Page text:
But who cares about the justice system when there’s a TV programme to make? The danger is that people believe The Crown’s version of the truth. 

One viewer posted a message on Twitter saying: ‘After watching #TheCrown there is absolutely no doubt in my mind that #Diana’s death was orchestrated by someone within the Royal Family. She was murdered for sure.’

And Prince Philip is not the only target of The Crown. Pretty much every character is dislikable. 

The Queen is portrayed as glum and schoolmistressly; the Queen Mother is given some truly horrible lines; Princess Margaret is downright rude; Margaret Thatcher buttoned-up, and so on. 

Yet I found this latest series misled the viewers in a more subtle and cunning way than in earlier episodes. We see the plot enter the realm of pure fantasy with a smoking, drinking Camilla bitterly jealous of Diana.

On Diana’s return from America, where she hugs a child patient with HIV, there is an unpleasant scene in which Prince Charles yells at the Princess for ‘hurting’ his mistress.

‘Camilla is who I want!’ he screams. Unacceptable nonsense. History does not corroborate any wish for divorce or separation at this time.

Right up until 1992, the Prince believed the marriage could still work, at least publicly if not privately. 

The series ends in 1990 with the Royal Family heading for Sandringham for Christmas in a convoy of Rolls-Royces. 

The customary dead game birds are hanging up, presumably to stress to the viewers what a brutal bunch the family is.

And so follows the most outrageous calumny of all, Philip’s thinly veiled threat to Diana.

Why does this matter? It matters because this country’s relationship between Government and Monarchy has always been a delicate balance. 

It matters because the reputation of the future King ought not to be sealed in the mind of the average Netflix viewer as a twisted, warped and bitter individual.

That it is so well acted, of course, makes it all the more believable. Significantly, when not in character the actors are often quick to redress the balance.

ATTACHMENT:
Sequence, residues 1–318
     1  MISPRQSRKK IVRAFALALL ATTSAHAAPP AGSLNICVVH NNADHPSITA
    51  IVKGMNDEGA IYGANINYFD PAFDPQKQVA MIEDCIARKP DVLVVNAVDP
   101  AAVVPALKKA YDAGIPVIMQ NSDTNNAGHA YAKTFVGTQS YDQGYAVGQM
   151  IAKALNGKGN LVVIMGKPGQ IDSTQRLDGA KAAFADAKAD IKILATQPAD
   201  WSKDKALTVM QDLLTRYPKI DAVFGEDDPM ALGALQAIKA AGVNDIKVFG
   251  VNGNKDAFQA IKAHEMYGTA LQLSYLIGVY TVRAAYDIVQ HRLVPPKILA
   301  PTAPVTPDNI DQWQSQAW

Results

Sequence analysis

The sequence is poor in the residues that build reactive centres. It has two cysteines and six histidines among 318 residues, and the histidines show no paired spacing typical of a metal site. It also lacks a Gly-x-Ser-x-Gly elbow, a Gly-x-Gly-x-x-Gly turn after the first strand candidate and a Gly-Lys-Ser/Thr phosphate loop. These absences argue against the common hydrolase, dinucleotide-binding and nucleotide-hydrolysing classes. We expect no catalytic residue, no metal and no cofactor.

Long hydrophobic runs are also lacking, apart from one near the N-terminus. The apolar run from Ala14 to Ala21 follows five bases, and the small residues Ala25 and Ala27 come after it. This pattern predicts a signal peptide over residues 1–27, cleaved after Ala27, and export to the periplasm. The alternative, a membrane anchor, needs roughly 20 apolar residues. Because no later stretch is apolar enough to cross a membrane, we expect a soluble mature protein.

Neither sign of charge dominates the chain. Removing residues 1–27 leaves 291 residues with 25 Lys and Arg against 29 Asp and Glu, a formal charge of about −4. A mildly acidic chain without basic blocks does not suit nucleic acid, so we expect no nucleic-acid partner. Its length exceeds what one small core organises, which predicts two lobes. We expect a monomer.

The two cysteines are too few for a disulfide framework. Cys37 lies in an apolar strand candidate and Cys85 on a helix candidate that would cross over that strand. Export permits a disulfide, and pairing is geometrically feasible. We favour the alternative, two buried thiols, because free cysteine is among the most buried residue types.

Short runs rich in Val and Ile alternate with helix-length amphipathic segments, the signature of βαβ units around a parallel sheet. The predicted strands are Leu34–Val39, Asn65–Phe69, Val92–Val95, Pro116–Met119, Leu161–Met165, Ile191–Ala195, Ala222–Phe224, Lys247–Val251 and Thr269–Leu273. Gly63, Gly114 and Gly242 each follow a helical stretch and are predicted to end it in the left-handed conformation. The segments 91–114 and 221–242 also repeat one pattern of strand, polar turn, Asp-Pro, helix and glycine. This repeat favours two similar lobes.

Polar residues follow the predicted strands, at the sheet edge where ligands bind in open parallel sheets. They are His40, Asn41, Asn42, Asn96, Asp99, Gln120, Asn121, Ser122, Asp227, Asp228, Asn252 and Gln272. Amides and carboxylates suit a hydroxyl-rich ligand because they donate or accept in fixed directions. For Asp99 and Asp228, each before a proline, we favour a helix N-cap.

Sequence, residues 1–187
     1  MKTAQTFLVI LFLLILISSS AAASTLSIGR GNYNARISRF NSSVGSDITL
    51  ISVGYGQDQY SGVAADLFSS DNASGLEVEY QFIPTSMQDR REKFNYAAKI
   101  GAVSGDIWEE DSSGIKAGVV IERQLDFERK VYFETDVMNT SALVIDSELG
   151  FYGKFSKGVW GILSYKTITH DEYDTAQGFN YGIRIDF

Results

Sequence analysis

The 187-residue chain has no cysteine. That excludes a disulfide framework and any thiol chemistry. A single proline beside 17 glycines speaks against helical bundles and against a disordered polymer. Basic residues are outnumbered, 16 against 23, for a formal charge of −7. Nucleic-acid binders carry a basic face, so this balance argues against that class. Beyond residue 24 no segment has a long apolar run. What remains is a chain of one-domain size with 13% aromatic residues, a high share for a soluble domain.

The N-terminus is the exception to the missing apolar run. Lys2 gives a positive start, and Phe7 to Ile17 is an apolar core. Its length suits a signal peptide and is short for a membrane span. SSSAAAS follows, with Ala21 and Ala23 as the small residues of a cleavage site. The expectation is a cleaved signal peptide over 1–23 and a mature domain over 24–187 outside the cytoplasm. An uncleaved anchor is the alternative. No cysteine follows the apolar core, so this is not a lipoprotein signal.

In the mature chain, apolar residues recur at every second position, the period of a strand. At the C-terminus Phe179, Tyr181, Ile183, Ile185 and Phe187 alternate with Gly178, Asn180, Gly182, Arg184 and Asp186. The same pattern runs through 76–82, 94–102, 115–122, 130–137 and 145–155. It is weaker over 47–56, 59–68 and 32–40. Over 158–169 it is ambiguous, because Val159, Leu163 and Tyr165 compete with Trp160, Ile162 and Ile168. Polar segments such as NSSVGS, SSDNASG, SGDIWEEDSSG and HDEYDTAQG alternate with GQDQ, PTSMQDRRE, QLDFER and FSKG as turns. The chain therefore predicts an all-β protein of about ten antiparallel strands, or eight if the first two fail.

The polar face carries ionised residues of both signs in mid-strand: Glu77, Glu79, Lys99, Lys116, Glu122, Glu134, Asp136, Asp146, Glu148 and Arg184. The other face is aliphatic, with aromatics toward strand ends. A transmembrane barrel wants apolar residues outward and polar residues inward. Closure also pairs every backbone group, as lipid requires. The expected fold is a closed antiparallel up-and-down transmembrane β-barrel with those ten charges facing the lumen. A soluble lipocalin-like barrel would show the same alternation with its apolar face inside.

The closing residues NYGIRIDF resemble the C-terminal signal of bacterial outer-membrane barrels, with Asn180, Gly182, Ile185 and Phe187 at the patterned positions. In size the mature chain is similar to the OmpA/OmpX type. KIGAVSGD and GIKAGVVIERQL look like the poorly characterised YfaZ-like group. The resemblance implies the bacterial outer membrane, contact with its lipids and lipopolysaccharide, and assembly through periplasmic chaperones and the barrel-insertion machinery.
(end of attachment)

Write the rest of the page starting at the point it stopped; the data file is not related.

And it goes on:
In an interview, Corrin says: ‘Something I realised very early on was the need to separate the Diana I play from the Diana who was.

‘We’re not mimicking. That’s not what we’re doing. This is Peter’s [Peter Morgan, The Crown’s creator] version of what happens.’

But with all the glorious sets, the repeated insistence that script-writers and producers relied on historical advisers to recreate the true story of Diana and Charles, we are led to believe this is real, not just one man’s version of events.

A man who, significantly, I believe, has shown scant regard for the Royal Family or the Queen and very little understanding of the great importance of the soft diplomacy the Monarchy wields both at home and abroad.

Why should Mr Morgan’s warped and twisted version be the narrative of British Royal history shown around the world?

Rather than making that truth clear in the way that Ms Corrin does, Netflix and The Crown’s producers set out to hoodwink viewers into believing that this is real history. 

A version intent on showing the Royal Family to be heartless, cruel and ruthless – a cold and dysfunctional organisation that will stop at nothing to protect its leader, no matter how many bodies fall by the wayside. This is simply not good enough.

We are told the next two series will follow the stories of the Royal Family up until 2002. We can’t be sure they will.

Those responsible for the show will no doubt argue that whatever they depict is simply artistic licence, but fiction should help us understand the truth, not pervert it.

Perhaps the real Prince Philip said it best himself when he told his biographer Tim Heald: ‘I certainly believe in the need for a free press, but there is a difference between freedom and licence, and between the honest pursuit of the truth and the cynical pursuit of thoughtless – even vindictive – sensationalism.’

How poignant, with this Hollywood movie treatment, his words seem now.

Hugo Vickers’s works include Elizabeth, The Queen Mother.